Health programs

Centene provides programs and services to government-sponsored health care programs, including Medicare, Medicaid, and the Children’s Health Insurance Program (CHIP).

AMA becomes partner in Silicon Valley health care innovation company

The American Medical Association (AMA) is spending $15 million to become a founding partner of Health2047, a health care innovation company that is aimed at transforming U.S. health care within the next 30 years. Health2047 will be a standalone, for-profit company that will work with companies, physicians, and entrepreneurs to improve health care and to bridge the gap between physicians and Silicon Valley.


Health2047’s stated goals include using collaboration to create a health care system that achieves better individual health outcomes, greater physician job satisfaction, streamlined administrative operations, and partners who are rewarded for their financial investments.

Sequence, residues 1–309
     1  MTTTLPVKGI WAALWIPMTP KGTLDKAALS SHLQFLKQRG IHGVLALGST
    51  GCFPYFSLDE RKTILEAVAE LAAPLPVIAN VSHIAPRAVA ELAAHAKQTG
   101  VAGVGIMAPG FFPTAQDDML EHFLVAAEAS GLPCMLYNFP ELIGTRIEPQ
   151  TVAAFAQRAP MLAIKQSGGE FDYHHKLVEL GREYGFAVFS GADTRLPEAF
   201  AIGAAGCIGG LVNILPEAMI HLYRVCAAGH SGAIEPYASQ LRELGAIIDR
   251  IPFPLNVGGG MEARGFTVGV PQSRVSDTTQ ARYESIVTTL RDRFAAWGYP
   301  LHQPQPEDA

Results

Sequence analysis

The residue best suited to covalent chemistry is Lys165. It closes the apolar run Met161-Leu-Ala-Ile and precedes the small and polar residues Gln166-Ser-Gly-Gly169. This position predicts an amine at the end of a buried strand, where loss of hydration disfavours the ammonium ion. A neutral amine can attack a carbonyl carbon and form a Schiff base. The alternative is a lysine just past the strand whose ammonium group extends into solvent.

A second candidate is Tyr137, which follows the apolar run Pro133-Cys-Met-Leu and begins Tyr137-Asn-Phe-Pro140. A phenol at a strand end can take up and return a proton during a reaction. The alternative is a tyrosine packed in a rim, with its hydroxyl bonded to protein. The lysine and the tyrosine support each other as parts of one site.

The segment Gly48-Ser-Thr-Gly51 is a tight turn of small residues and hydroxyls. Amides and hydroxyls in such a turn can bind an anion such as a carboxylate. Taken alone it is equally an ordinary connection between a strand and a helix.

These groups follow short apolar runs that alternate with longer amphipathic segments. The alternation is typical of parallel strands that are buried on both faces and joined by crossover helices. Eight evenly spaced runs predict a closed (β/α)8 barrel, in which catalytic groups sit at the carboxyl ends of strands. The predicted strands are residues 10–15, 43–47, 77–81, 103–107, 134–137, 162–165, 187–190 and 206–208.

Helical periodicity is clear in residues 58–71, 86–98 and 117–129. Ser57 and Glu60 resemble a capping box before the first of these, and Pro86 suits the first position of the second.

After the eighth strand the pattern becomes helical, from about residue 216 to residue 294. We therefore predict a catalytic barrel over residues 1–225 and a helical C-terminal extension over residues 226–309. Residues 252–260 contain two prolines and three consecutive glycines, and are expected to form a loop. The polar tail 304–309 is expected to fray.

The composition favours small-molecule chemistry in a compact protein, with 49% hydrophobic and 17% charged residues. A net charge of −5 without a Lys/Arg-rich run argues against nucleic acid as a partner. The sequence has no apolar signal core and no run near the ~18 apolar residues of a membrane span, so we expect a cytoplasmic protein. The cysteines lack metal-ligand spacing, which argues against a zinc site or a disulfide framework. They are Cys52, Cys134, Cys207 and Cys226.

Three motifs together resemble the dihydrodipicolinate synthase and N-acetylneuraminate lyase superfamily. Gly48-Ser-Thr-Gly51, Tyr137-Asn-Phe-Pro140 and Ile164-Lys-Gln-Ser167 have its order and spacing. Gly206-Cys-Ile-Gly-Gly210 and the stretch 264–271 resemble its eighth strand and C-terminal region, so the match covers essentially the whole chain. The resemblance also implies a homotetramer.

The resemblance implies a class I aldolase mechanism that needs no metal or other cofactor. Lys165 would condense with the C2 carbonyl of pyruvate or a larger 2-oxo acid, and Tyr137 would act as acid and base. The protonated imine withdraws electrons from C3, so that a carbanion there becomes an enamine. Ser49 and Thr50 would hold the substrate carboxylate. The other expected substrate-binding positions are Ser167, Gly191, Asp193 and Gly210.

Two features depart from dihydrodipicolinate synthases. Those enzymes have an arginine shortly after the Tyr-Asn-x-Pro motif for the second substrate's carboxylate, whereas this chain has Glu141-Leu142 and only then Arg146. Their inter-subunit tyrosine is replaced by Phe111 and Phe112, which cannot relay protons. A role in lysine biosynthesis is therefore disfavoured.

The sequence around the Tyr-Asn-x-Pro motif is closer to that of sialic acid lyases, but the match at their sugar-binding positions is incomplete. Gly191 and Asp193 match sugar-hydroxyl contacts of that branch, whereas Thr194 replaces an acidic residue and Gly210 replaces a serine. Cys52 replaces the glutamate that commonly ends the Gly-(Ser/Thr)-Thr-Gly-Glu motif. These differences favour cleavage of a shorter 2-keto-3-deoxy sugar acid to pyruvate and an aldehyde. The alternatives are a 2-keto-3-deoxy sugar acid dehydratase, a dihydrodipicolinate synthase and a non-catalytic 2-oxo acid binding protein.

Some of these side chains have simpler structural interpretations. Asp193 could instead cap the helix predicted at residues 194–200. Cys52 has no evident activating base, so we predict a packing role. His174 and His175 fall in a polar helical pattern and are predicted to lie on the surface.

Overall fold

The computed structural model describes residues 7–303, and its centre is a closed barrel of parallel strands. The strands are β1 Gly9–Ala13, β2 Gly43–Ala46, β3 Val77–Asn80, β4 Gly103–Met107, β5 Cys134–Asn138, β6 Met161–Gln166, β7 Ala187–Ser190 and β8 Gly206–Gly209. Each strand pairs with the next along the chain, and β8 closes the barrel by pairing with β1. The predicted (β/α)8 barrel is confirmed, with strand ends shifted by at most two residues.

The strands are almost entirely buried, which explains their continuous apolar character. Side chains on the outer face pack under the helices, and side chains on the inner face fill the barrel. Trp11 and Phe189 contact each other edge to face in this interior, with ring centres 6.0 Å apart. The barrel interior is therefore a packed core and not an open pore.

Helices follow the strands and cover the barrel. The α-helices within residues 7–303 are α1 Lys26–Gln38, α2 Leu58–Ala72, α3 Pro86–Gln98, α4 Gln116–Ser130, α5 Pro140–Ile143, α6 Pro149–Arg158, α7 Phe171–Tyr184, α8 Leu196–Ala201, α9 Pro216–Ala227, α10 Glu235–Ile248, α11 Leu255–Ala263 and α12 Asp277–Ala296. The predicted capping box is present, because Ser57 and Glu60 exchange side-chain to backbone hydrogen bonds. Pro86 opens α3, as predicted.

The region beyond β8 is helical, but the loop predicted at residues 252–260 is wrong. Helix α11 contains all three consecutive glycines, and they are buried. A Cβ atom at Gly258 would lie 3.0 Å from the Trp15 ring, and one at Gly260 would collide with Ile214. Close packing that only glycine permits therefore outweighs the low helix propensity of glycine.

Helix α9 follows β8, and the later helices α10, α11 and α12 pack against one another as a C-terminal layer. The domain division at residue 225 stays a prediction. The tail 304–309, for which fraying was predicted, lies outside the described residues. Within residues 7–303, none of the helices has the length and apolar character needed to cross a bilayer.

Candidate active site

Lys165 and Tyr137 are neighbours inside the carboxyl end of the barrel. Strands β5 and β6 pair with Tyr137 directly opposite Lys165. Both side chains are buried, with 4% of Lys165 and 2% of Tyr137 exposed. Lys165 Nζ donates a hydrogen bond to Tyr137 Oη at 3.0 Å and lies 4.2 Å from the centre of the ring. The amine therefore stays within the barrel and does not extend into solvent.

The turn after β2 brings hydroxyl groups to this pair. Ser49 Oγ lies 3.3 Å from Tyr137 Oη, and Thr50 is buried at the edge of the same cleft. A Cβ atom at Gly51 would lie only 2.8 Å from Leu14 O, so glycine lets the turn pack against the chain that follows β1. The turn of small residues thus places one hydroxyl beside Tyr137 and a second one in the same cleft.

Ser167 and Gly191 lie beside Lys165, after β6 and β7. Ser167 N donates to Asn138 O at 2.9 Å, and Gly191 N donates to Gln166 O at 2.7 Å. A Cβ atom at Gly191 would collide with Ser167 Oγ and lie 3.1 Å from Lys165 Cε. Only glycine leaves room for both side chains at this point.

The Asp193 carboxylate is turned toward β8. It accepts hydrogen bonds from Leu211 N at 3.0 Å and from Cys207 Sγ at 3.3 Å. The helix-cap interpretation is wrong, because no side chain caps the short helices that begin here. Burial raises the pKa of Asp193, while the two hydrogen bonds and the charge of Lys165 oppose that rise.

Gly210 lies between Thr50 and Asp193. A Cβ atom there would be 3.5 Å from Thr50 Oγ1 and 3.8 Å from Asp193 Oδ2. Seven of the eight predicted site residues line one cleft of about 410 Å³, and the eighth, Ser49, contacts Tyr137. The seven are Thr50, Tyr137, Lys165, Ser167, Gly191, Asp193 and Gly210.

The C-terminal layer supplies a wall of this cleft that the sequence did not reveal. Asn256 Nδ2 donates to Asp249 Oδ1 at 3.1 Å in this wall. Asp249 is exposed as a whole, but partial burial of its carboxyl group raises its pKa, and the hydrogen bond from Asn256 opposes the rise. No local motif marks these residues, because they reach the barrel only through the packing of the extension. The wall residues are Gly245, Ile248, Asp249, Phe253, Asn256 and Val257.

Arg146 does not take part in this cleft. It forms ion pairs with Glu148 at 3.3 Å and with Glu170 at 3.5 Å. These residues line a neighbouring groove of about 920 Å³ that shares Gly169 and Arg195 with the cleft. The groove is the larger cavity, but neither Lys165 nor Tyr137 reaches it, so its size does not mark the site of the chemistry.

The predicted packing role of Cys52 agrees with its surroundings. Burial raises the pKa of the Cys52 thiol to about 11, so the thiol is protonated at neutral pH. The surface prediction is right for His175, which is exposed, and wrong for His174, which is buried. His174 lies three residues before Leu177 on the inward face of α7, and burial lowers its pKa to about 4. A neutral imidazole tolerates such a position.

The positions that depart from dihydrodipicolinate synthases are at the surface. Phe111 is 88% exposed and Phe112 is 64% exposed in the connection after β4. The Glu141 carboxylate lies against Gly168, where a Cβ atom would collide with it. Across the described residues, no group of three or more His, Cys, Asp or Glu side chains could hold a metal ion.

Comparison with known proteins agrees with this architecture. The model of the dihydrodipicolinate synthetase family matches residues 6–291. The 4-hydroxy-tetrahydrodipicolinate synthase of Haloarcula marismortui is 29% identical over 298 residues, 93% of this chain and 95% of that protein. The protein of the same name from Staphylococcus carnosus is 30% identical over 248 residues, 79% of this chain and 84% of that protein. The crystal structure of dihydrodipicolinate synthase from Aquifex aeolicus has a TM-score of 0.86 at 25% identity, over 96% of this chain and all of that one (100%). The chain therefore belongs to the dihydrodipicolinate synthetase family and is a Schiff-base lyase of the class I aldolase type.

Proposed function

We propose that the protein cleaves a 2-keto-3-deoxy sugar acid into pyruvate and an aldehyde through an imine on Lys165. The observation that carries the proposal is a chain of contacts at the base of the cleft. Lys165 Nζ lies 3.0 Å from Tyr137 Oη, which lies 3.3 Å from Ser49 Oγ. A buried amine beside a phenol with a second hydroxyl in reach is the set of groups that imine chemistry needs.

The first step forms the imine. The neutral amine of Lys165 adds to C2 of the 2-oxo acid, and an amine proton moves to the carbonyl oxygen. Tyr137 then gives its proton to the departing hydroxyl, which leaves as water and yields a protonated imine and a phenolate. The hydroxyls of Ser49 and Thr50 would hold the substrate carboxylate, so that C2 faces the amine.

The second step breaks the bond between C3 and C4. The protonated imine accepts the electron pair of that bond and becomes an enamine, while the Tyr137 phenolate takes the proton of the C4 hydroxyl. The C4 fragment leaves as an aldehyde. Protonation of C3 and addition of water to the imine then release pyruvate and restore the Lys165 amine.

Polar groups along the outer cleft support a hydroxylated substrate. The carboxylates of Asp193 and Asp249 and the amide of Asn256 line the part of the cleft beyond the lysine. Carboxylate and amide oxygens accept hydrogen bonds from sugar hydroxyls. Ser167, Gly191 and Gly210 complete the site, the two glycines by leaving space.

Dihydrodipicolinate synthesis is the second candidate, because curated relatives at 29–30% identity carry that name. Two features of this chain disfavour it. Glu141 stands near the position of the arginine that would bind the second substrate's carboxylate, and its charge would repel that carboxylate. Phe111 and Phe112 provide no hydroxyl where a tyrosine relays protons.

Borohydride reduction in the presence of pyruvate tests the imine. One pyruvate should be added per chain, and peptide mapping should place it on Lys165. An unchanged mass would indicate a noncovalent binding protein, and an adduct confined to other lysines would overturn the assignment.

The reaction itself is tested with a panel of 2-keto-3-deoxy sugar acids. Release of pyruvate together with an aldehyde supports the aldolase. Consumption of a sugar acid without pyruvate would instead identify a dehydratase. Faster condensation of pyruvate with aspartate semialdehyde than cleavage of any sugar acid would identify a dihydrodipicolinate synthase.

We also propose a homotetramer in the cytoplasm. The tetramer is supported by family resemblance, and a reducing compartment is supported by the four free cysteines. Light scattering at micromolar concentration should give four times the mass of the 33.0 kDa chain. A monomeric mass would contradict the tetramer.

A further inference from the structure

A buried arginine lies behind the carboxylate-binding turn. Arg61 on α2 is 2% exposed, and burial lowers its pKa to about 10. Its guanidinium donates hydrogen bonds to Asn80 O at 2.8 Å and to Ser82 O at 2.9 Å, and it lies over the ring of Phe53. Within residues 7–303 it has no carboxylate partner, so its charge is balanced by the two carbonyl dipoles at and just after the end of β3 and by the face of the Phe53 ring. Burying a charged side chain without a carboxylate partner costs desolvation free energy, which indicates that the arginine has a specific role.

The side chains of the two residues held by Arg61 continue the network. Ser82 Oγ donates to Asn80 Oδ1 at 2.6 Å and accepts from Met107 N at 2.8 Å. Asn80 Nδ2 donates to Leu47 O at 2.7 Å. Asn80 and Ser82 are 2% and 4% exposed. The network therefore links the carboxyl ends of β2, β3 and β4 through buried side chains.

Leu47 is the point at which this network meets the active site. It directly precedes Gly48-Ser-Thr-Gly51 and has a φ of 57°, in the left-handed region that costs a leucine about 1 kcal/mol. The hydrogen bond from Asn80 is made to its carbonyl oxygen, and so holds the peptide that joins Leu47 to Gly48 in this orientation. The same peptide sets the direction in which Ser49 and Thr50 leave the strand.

Chief Executive of the AMA, James L. Madara, M.D., noted that cumbersome technology, such as electronic health records that are difficult to use and lack interoperability, often creates professional dissatisfaction by taking time away from patient interaction and is a major contributor to physician burnout. Therefore, the AMA intends to use new technology to support patient care rather than hindering it.

Innovation studio

Health2047’s Innovation Studio will be based in Silicon Valley and will develop new products and resources to improve the practice of medicine and health care delivery. Doug Given, MD, PhD, Chief Executive of Health2047 said that Silicon Valley was chosen for its high density of talent, strong venture funding environment, and because it is home to several prominent health research institutions.

Health2047 plans on collaborating with AMA content experts from various fields, including the medical, health policy, and “pragmatic practice” areas to co-develop “offerings” that will have a big impact on medical practices and the health care field.


The company intends to incorporate physician input during all stages of its projects. It will use physician testing and user feedback during development of prototypes, and it will use its access to physicians as a way to accelerate the adoption of health care solutions.